So, who’s right? My post early essentially said both sides were right, but I believe this topic needs further clarification. We need the wall and we need to rein in presidential powers. That may very well be the case, but the bottom line from a conservative perspective is that this is not the type of “emergency” that presidents should be able to declare indefinitely. Things have not fundamentally changed in the last two years. The border situation is worse, but it’s no more an emergency now than it was when the President was sworn into office.

While it stays within the letter of the law, it’s a flawed law that doesn’t have the necessary checks and balances. The National Emergencies Act is an abomination to the Constitution and it’s unfortunate it hasn’t been challenged until this very important issue.

Most of the President’s supporters are saying the law is law now and if anyone wanted to challenge it, they should have done so sometime in the 43 years before President Trump tried to use it to secure the border. This is correct. It’s the reason why I’m not going to jump up and down blaming President Trump for using a tool in his toolbox that Congress gave him. It’s overreach. That much is certain. But it’s legal overreach.

The fact that it’s legal doesn’t make it right.

The NEA needs to be addressed immediately. Unfortunately, it’s almost certain that it won’t be because now that the President has allegedly opened Pandora’s Box, Democrats are craving the day their president will be able to use it for gun control, abortion, environmental protection, or any other pet projects they might not be able to ram through Capitol Hill. Is it hypocritical of them to try to block this president then defend the next Democratic one? Absolutely. But they don’t care.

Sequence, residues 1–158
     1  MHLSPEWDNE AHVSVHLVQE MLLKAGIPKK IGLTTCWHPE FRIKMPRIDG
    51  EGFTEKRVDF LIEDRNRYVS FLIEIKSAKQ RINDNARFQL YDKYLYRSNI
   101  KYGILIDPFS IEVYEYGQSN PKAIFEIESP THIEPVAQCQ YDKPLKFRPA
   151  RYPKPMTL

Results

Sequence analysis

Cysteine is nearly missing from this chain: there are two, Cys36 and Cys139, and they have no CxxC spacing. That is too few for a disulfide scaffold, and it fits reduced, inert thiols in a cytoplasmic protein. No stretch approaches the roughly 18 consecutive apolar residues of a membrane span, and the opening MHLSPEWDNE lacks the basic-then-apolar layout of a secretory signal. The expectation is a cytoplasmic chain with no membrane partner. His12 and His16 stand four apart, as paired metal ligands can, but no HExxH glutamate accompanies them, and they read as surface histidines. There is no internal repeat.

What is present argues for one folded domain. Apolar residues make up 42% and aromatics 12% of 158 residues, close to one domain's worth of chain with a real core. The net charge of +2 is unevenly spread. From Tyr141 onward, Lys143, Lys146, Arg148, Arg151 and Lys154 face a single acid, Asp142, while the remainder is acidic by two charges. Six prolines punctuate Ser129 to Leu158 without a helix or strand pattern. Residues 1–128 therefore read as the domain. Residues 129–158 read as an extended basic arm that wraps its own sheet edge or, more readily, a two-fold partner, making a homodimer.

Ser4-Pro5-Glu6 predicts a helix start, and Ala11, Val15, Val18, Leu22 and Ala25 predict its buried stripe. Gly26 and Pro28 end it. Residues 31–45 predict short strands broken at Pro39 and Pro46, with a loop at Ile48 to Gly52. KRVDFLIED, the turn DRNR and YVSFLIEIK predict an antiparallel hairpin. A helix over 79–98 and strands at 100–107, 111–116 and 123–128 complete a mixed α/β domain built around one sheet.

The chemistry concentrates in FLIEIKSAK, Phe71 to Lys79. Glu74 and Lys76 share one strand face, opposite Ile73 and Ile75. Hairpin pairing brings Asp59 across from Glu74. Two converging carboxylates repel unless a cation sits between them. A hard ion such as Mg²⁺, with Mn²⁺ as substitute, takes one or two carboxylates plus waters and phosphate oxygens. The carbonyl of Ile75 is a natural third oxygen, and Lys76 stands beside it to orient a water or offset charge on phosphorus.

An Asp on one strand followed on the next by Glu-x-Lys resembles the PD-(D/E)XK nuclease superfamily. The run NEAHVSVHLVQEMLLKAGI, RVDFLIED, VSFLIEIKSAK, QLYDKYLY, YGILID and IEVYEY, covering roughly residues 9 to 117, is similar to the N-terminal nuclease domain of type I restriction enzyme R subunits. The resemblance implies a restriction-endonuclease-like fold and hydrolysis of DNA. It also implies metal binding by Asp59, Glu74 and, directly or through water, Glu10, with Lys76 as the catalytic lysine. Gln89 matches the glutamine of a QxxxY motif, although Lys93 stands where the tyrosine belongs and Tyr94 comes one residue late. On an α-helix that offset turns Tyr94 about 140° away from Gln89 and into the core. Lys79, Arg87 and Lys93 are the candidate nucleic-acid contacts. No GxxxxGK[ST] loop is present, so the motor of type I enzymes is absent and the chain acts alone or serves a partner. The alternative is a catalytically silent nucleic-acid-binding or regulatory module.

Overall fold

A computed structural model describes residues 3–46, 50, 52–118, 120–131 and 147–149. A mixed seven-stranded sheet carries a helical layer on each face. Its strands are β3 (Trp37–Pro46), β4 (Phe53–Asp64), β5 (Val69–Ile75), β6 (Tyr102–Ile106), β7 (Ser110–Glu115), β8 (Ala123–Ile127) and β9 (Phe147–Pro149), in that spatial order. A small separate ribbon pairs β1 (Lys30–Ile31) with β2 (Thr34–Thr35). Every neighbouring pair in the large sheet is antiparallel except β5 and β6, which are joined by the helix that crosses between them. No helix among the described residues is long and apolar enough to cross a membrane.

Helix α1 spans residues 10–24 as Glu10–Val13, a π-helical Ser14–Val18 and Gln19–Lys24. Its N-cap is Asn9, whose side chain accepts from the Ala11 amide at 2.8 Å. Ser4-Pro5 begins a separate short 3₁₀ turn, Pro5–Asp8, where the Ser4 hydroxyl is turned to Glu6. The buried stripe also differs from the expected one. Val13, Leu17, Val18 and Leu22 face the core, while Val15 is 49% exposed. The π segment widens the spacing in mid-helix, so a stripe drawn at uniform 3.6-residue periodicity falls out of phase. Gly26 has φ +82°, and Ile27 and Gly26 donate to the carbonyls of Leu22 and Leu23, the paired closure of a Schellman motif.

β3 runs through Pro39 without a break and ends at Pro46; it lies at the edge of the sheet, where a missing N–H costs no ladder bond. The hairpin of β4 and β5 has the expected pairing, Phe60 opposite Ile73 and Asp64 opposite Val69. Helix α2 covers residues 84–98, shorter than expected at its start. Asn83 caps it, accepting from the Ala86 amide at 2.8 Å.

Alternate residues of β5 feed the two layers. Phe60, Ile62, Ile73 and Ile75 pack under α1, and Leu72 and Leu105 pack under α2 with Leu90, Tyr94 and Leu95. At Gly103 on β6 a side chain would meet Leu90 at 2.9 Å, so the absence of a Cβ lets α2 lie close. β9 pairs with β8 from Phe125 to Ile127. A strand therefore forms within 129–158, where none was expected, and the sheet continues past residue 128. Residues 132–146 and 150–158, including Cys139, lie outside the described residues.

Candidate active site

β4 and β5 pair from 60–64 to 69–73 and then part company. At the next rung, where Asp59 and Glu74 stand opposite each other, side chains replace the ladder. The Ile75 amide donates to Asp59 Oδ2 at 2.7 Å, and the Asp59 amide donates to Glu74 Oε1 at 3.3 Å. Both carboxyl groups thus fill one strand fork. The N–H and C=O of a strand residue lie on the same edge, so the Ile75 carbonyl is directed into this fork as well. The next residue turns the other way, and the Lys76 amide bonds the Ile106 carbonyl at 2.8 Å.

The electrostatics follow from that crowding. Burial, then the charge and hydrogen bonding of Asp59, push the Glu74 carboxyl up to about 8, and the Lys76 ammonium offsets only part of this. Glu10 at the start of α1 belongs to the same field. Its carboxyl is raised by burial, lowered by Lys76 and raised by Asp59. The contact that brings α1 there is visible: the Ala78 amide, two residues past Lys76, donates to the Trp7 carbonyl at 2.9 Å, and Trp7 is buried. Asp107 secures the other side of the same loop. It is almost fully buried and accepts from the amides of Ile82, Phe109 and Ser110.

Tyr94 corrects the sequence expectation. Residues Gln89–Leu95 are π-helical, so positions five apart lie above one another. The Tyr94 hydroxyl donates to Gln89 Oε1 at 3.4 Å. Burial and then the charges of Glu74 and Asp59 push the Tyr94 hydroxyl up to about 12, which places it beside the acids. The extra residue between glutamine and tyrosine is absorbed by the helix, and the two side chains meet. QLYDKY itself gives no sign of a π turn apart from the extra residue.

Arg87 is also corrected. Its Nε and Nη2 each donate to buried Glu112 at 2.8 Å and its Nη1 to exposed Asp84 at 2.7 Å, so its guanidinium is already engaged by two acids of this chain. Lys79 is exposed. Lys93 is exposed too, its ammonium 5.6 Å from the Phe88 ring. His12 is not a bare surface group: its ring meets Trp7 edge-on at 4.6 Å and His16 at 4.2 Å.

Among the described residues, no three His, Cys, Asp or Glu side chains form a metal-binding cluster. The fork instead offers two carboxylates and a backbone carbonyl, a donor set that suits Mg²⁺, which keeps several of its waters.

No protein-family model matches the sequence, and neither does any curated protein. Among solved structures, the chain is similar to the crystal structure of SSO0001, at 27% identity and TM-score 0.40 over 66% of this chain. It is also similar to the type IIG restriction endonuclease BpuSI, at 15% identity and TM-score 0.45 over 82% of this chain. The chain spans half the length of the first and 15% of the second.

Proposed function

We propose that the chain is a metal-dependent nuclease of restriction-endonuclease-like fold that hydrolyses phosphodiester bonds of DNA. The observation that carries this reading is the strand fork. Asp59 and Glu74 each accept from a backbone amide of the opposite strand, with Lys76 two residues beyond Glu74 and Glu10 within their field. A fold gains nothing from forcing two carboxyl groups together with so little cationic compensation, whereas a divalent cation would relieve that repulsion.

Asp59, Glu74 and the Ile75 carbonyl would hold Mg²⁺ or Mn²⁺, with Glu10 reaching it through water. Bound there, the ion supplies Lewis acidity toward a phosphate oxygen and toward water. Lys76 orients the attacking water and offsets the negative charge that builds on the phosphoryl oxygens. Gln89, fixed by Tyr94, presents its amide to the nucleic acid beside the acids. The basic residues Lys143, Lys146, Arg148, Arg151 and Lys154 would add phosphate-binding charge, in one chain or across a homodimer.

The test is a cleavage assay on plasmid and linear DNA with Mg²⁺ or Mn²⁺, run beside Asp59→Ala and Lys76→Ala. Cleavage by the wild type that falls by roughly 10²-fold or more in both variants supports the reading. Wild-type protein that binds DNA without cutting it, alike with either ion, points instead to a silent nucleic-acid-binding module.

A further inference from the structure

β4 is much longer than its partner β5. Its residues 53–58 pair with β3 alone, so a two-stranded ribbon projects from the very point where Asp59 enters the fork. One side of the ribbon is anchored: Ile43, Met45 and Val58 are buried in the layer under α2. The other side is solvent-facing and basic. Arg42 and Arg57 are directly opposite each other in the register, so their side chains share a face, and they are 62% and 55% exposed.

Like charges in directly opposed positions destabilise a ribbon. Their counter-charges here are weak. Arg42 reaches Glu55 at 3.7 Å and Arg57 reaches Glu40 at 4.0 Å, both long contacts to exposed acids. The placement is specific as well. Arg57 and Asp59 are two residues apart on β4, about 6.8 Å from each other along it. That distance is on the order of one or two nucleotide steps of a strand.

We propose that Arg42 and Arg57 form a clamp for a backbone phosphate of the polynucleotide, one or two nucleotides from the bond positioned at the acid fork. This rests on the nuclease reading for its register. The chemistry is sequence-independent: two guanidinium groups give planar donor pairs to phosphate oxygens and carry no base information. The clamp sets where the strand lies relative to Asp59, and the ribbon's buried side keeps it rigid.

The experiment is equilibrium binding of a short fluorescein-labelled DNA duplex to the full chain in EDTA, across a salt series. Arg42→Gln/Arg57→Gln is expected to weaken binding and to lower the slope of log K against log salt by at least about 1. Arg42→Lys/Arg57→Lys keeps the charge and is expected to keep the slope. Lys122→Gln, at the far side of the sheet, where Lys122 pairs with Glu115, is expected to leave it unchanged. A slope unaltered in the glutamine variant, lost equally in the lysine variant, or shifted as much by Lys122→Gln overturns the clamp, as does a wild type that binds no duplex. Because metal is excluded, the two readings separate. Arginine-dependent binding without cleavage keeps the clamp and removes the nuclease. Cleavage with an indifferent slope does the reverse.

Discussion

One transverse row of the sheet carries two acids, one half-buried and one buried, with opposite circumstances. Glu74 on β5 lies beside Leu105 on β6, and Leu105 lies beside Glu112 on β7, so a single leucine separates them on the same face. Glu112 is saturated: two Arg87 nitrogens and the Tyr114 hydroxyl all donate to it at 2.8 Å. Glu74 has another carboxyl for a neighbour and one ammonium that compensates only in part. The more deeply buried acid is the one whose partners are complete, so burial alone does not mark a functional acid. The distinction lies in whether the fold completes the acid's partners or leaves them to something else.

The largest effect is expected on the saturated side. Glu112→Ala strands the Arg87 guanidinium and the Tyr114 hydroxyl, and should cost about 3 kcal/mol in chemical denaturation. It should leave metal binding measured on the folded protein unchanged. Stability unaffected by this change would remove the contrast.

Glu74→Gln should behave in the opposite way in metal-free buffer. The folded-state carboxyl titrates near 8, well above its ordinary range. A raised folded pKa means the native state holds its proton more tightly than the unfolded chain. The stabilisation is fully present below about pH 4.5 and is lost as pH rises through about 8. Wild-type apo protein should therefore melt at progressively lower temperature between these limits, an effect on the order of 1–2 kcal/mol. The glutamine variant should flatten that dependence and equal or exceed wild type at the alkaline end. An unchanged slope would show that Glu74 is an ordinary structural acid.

Lest we forget, the real bottom line in all of this is that the President and the GOP should have been having the border wall battle with the Democrats long before the midterm elections. Even if he signed off on four or five spending bills to get through the Obamacare battle and tax reform, he should have been putting his foot down long before the Democrats took control of the House of Representatives. Why did he wait on his signature campaign promise? I can only imagine Paul Ryan, Mitch McConnell, Jared Kushner, and other squishes gave him very bad advice. Now, he’s forced to fight a battle that likely will not get a significant amount of wall done before the 2020 elections.

He will veto the attempted override of his national emergency by Congress. Then, the legal battles begin. At this point, it behooves conservatives to work towards permanently fixing the NEA.

We need the wall. We need to limit the powers of the NEA. The arguments from the conservative supporters on both sides of this issue are partially right. Now, we’ll see how big the rift between them becomes. It’s not a good day for the GOP.

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Conservatism

American Conservative Movement: Let’s fix the GOP from within

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American Conservative Movement